The other characters were pretty well-defined, also, especially Fernando, who had the whole male superiority thing going on, yet had a lot of respect for Isabella. I also loved Isabella’s relationship with her younger brother, Alfonso, although I do wish her relationship with her older brother, Enrique, could’ve been developed better, especially since she spends so much time in conflict with him. I think that could’ve added to the tension since initially Isabella tried to get along with Enrique.

One major issue I had with the book was how much time it covers. The book starts in Isabella’s early years with her struggle first to survive at Enrique’s court, then to escape it and live life on her own terms. Once that happens, though, and she becomes queen, the book completely shifts tone and focus to her struggle to unite Castile in the midst of civil war, as well as reclaim lands in Granada from the Muslims and remake Castile as a Catholic kingdom. It really felt like two entirely separate books, and I feel like it might’ve been better if it had been that way, especially since there was so much that could be added to both halves of the book.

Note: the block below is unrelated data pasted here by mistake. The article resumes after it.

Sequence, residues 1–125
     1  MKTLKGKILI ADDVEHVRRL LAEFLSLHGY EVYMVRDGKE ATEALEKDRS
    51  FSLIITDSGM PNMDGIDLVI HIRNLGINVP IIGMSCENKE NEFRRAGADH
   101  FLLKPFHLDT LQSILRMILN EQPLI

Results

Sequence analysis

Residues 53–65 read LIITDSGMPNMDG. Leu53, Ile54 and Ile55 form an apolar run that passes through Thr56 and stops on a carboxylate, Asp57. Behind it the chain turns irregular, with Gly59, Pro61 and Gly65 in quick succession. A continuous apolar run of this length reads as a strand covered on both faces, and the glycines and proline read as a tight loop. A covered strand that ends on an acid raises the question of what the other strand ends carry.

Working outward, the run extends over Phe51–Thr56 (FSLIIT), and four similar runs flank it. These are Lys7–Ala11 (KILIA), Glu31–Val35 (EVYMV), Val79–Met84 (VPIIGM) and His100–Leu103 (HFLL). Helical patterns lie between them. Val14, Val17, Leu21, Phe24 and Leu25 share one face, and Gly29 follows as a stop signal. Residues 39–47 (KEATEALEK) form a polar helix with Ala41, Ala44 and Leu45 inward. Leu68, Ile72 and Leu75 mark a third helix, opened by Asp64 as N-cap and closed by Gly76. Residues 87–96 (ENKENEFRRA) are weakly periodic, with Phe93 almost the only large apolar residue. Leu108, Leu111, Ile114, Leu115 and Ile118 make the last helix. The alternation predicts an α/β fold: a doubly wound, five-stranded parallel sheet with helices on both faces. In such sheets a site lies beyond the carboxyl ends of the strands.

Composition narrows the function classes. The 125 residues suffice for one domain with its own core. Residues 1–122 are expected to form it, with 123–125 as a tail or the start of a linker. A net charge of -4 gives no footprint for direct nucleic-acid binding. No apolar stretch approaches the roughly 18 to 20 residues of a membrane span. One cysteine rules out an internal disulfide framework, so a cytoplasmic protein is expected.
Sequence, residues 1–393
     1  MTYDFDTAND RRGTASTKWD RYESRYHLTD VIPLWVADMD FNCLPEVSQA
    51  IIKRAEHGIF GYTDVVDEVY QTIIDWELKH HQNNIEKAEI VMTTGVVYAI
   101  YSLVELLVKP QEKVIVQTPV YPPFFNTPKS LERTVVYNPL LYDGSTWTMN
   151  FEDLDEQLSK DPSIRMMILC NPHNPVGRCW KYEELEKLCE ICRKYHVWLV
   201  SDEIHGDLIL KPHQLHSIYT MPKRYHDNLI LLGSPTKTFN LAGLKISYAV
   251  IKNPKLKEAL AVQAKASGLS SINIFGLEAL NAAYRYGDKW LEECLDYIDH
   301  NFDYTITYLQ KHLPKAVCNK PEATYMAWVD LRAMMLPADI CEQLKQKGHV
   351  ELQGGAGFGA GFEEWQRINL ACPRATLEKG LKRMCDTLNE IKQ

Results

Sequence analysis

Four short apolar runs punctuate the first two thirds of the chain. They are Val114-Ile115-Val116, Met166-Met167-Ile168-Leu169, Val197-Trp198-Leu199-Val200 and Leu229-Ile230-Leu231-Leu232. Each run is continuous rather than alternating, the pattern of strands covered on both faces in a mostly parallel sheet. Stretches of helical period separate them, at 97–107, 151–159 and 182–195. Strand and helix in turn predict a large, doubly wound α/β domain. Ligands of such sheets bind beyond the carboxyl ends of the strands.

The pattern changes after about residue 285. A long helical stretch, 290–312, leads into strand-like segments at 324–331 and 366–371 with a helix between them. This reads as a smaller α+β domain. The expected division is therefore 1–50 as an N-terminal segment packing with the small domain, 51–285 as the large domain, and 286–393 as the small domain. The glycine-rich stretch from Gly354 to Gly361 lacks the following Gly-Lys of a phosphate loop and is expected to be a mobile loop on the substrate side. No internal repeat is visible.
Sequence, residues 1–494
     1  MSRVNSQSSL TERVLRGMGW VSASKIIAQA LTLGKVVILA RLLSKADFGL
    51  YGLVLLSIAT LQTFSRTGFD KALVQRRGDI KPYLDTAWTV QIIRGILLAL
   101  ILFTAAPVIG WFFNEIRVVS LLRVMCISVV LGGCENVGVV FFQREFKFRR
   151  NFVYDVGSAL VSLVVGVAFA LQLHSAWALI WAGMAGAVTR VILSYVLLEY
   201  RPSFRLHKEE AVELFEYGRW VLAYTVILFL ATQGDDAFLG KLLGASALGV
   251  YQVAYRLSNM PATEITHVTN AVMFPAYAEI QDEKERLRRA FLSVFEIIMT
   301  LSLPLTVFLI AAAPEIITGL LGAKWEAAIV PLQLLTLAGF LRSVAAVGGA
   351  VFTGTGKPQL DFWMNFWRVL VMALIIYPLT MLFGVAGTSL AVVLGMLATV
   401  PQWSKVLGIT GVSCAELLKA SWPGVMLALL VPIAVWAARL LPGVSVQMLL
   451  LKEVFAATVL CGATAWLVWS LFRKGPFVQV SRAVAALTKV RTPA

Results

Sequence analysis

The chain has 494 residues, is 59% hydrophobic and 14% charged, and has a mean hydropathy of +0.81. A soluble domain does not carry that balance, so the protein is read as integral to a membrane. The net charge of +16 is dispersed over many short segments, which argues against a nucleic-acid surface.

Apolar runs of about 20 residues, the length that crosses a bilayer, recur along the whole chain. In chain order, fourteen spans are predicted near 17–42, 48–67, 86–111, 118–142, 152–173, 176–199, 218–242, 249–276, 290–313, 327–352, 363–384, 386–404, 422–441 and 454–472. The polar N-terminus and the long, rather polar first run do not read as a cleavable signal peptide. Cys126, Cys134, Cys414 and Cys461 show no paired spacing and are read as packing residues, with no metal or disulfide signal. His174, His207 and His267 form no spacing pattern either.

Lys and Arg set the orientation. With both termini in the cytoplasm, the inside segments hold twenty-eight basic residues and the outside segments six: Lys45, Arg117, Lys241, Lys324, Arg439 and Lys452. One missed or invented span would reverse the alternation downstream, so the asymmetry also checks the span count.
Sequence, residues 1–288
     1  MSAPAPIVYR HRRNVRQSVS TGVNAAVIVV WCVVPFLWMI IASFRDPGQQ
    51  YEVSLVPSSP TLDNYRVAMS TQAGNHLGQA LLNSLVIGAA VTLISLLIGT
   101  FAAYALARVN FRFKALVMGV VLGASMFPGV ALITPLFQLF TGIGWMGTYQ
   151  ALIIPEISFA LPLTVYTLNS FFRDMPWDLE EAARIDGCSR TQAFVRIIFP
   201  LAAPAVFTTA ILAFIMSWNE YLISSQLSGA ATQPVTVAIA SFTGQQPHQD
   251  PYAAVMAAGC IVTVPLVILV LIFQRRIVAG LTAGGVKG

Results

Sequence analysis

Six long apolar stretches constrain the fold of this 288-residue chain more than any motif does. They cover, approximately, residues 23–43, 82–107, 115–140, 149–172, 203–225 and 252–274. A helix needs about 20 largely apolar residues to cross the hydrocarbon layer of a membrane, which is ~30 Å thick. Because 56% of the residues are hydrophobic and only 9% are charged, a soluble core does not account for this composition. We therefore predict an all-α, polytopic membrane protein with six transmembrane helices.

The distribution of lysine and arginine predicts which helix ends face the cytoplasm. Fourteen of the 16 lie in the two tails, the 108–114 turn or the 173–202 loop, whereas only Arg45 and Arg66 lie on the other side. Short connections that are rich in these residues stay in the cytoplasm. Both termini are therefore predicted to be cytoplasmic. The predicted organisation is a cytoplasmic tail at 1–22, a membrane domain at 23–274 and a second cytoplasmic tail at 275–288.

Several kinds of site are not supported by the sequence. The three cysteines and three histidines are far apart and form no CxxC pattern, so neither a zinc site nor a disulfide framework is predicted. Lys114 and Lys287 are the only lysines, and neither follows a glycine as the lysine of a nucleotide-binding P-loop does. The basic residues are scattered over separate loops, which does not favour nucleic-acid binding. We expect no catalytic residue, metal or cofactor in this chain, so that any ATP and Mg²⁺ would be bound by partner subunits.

If you’re interested in oft-vilified lady historical figures and you’re looking for a more sympathetic portrayal of them, The Queen’s Vow is a good example.

Rating: 3.5/5 Stars